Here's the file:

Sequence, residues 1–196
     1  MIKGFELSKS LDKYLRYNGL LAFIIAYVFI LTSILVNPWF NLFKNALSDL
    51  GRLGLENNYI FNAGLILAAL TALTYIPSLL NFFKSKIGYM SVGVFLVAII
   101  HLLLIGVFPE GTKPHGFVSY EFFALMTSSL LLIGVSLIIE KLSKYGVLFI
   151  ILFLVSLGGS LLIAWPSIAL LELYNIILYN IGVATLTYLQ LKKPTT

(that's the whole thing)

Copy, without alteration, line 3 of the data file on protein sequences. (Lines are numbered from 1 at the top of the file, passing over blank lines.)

    51  GRLGLENNYI FNAGLILAAL TALTYIPSLL NFFKSKIGYM SVGVFLVAII